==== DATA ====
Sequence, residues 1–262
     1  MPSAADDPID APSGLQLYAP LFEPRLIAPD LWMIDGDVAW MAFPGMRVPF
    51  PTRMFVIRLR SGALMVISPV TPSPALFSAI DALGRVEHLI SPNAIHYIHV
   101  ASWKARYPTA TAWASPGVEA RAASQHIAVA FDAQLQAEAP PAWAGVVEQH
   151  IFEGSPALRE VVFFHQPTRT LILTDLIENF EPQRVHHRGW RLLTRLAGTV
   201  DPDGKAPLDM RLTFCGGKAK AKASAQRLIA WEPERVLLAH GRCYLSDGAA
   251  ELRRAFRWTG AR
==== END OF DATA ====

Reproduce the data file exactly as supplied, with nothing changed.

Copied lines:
Sequence, residues 1–262
     1  MPSAADDPID APSGLQLYAP LFEPRLIAPD LWMIDGDVAW MAFPGMRVPF
    51  PTRMFVIRLR SGALMVISPV TPSPALFSAI DALGRVEHLI SPNAIHYIHV
   101  ASWKARYPTA TAWASPGVEA RAASQHIAVA FDAQLQAEAP PAWAGVVEQH
   151  IFEGSPALRE VVFFHQPTRT LILTDLIENF EPQRVHHRGW RLLTRLAGTV
   201  DPDGKAPLDM RLTFCGGKAK AKASAQRLIA WEPERVLLAH GRCYLSDGAA
   251  ELRRAFRWTG AR